Sunday, May 9

Auctions: The mystery of NFTs, the new phenomenon of crypto art | Babelia


Go NFT, non-fungible tokens, or what is the same, “non-fungible digital assets” (that is, they cannot be touched), have become the crypto-economic talk of the moment since a few days ago Sotheby’s sold a gray pixel for 1.36 million Dollars. Such was the expectation that the bid lasted hours. The pixel is from Park, an anonymous digital artist, who created a set of cubes of NFT that in three days reached 14 million dollars. Christie’s also has its NFT star with artist Beeple, the first to be a bestseller when one of his digital works, Everydays: The First 5000 Days, reached 69 million dollars. It must have felt like Michael Jordan hitting a triple. It was last March and it already holds the title of the third highest auction price of any living artist. He owes it to Noah David, a specialist in postwar and contemporary art at Christie’s in New York and, recently, its biggest collector of crypto art..

Since then, artists like Simon Denny and Damien Hirst have been quick to release NFT artwork and partnerships are beginning to develop between auction entities, traditional galleries and NFT-selling websites, seeking new niche businesses. Pace Gallery, with headquarters in London, Los Angeles and seven other cities, has just partnered with the MarksPlace platform and the Fair Warning auction application to sell a series of Urs Fischer NFTs. The artist has created 501 digital works of art that will exist as NFT, called —no without joke— Chaos. In the first 500, they arise from an animation based on a 3D scan of a lighter circling an egg. The number 501 will be a work of art that will combine the 1,000 objects above. Fischer speaks of them as “digital sculptures” and number 1 has already sold it for 100 times more than his initial estimate. It went up for auction for $ 1,000 and reached 100,000.

I may be wrinkling my nose, but it would relax it if instead of saying NFT I say Bansky. After all, street art also put anything that could be hung on a wall in check. In the artistic context, the pixel is what JPG once was: a digitally native work of art that signs the most basic unit of an image in a traditional global auction house. Artists can digitally sign their work by creating a certificate tokenizado before entering it in an online auction. Collectors can then buy and resell the works on secondary markets. It has a very populist aesthetic. Some people already describe it as “screensaver art” or “visual junk food,” and it’s fine if you compare it to the great works of universal art. But nothing that happens with the NFTs has to do with Goya or Andy Warhol. What happens here is born from the culture of memes, the WTF language and the repost on Instagram. It’s a tiny brand to take digital art into a potential story to come. And it seems that with force.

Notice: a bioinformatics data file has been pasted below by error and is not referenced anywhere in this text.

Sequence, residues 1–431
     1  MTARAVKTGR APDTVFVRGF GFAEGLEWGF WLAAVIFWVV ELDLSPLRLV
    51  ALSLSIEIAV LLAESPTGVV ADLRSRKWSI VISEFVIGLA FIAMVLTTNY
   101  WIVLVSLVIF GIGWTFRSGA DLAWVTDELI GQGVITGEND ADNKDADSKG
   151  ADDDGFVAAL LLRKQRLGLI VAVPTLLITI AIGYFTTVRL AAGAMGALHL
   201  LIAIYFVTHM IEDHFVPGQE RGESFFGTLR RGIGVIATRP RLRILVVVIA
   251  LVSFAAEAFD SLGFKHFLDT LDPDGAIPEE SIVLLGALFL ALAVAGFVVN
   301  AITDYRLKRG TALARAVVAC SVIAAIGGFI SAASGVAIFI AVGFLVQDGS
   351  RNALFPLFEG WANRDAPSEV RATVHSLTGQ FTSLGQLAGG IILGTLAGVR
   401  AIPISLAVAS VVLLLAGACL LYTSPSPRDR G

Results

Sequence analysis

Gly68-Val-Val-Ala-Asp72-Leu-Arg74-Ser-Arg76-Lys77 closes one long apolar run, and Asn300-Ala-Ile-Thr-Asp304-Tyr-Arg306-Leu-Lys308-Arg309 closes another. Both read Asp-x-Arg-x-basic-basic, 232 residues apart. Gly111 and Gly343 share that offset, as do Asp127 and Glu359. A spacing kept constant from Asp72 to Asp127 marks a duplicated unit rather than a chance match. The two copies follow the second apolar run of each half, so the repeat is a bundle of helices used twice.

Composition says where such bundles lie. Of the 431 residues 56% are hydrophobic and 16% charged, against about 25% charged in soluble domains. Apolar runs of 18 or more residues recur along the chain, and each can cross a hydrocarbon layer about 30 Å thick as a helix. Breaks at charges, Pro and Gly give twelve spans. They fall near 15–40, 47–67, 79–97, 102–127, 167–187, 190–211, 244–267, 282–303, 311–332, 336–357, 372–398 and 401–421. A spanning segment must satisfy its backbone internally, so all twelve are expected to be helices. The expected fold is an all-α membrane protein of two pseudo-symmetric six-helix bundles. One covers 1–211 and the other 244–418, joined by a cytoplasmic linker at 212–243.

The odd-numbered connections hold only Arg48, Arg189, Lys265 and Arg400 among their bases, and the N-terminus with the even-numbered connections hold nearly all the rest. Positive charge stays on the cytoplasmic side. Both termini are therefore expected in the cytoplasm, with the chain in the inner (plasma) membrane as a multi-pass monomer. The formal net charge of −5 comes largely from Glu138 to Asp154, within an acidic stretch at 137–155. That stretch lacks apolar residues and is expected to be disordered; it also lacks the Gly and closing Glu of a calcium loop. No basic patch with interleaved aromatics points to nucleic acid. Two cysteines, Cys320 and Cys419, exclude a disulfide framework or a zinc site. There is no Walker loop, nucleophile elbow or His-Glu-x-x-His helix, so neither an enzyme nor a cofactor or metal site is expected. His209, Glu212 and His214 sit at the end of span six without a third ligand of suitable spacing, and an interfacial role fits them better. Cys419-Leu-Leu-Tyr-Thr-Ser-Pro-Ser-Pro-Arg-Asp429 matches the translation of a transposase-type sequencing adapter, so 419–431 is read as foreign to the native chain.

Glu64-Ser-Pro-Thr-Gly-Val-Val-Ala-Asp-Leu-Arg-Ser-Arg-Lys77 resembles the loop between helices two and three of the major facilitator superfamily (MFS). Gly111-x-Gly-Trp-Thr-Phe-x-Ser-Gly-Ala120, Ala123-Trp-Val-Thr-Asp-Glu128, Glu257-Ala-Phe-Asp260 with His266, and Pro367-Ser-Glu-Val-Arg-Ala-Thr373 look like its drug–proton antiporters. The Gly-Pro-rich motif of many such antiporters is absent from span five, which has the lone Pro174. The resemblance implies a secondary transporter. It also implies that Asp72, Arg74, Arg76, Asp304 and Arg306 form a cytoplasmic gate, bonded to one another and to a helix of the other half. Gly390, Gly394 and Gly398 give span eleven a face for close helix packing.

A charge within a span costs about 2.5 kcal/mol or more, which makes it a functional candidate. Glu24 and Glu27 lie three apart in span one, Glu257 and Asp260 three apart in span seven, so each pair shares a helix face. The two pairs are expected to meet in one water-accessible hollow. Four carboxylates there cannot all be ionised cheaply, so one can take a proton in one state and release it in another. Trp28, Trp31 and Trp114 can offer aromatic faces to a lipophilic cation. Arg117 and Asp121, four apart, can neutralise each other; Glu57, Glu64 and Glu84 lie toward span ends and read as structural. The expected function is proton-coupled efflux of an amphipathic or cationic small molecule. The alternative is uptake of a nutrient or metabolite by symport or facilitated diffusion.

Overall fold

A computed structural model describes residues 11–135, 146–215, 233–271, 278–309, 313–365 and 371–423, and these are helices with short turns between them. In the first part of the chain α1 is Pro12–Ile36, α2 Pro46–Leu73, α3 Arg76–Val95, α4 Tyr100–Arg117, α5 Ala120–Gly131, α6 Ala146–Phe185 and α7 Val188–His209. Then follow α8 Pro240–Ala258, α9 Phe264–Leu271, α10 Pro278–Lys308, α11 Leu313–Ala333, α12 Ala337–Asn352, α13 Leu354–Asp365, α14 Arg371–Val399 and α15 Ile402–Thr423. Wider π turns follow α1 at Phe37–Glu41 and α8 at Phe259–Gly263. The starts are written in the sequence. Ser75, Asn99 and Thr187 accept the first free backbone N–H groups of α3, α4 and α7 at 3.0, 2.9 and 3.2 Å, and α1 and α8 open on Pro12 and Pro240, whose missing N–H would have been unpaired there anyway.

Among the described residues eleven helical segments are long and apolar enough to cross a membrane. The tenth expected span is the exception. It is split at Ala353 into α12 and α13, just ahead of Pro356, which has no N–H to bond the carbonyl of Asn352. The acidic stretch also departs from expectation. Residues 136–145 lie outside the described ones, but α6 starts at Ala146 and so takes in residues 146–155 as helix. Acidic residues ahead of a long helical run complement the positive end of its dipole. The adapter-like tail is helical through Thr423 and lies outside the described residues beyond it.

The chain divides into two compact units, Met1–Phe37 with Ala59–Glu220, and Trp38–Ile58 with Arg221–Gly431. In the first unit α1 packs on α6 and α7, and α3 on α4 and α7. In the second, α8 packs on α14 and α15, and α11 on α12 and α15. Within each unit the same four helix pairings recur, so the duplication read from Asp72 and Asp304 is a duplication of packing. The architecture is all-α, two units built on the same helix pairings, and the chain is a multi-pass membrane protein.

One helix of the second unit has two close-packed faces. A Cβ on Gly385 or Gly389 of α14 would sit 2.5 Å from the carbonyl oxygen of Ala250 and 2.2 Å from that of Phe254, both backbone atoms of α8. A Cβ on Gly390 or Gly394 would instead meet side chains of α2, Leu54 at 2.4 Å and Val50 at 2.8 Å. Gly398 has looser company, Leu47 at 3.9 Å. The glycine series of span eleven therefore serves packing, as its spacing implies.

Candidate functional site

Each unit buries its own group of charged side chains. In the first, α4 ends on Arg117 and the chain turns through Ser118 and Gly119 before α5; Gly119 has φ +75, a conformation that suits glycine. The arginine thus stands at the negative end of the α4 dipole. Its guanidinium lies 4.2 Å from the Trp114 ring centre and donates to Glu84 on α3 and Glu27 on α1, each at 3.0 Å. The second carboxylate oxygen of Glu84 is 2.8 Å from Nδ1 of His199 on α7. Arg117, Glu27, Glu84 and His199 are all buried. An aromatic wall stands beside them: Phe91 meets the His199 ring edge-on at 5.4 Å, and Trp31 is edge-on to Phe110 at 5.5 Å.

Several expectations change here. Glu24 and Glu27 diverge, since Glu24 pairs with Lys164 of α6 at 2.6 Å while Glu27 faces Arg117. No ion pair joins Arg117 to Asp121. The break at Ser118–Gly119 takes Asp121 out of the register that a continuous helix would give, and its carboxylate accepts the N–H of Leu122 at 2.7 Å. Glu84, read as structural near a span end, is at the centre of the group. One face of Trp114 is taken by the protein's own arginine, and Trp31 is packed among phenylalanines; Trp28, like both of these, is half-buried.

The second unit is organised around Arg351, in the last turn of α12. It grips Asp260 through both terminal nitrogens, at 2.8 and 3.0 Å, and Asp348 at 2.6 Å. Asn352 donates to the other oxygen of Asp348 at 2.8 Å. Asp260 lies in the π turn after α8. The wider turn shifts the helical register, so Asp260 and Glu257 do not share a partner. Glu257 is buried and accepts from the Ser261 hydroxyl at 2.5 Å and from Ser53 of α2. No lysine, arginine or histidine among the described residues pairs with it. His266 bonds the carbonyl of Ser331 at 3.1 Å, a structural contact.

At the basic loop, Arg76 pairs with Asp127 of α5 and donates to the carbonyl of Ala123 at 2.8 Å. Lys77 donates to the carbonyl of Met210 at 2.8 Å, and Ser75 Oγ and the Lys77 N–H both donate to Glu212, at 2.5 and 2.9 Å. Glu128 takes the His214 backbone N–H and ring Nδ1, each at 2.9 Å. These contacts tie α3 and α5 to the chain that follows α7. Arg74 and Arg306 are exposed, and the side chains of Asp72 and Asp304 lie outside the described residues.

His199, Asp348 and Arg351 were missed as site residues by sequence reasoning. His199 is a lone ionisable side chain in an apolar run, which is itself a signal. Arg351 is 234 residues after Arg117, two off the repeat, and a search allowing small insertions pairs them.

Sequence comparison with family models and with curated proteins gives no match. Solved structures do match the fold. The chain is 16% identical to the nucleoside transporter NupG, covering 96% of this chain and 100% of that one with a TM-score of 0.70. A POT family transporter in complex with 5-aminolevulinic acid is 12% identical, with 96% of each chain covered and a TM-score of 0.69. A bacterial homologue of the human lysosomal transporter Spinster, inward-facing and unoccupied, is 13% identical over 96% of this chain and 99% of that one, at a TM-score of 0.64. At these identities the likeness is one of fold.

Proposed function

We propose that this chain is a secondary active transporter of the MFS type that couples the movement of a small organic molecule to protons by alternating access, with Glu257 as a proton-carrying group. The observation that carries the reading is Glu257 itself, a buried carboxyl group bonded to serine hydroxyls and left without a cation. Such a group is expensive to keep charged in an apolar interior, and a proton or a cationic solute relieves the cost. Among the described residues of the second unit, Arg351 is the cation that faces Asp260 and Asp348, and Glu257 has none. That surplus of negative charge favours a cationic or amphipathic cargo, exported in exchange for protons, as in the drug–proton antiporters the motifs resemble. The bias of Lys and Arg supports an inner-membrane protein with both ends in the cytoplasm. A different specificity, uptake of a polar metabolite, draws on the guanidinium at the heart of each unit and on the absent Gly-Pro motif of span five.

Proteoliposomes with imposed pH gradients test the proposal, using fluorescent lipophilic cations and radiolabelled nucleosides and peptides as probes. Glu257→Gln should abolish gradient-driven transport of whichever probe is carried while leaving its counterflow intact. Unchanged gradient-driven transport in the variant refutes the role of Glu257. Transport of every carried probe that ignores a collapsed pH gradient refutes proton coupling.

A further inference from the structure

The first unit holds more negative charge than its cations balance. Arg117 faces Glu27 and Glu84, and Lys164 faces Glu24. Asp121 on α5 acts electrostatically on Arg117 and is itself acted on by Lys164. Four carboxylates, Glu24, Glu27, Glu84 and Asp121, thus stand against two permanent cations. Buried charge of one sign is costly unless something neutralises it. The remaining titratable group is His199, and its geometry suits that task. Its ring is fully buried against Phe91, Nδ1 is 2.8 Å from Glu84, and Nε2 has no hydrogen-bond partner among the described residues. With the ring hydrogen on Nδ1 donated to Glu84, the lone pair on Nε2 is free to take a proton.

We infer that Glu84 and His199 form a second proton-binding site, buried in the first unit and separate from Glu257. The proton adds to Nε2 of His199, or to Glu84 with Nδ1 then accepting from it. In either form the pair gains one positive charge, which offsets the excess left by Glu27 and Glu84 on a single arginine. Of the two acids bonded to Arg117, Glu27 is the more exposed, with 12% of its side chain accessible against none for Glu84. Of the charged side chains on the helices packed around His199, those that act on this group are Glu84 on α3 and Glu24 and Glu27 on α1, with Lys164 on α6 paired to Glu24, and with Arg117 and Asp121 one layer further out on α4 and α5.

Proponents of this emerging digital aesthetic say that the future is already there: artists breaking with the gallery system to promote their careers from digital platforms, SuperRare is one of the most important, created in 2018, and reaching collectors in a lot more immediate. Platforms like this also work on a 15% commission basis with 85% for the creator, although what is really attractive for artists is the 10% royalty rate on secondary sales. The detractors disagree with that virtual world so close to augmented reality and the metaverse, and so far from the emotion that it makes your hair stand on end, where the history of art has put all its value for centuries.

'Everydays: The First 5000 days', de Beeple.
‘Everydays: The First 5000 days’, de Beeple.Beeple

There is already talk of a digital art revolution, although this collision between NFT and art is not so new. One of the first to come up with this avatar idea was Kevin McCoy, a digital artist who began to play with the word in 2013, questioning the idea of ​​the market, of property and of origin, although, at that time, the thing was not understood. This 2020 things took a turn. It started the year with $ 344,000 in sales volume from the SuperRare platform, but saw that figure almost quadruple in seven months, in the midst of the pandemic.

Boomerang effect

Most people still don’t understand it, but all eyes are now on the possibilities of NFT art. Is there a market? There is. A few weeks ago a flying cat in GIF format, called Nyan Cat, was auctioned for more than $ 500,000. And not only that. The cryptocat is already a meme that has returned to jump to auction. Surprisingly, the endless circulation is activated by anyone who does retuit. Musicians are already looking at it as a new tool to restore lost value in music. Can you imagine Lady Gaga selling an original edition of Poker Face next to a visual artwork of yours? Imagine well, because you already did it with Bad Romance, although for a large part of the cultural sector it is the umpteenth revolution that is going to change the industry from top to bottom and which is nothing. It makes a few rich, but not most artists.

The boomerang effect seems imminent. The latest Bloomberg report announces that the average price of an NFT has fallen 70% in the last month. Gagosian has had the option of joining the cryptomercado But, for the moment, he has refused to get on that train. In fact, the $ 100,000 raised by Urs Fischer is well below the millions of dollars raised by less familiar names in the art market. And this sounds like a prick.

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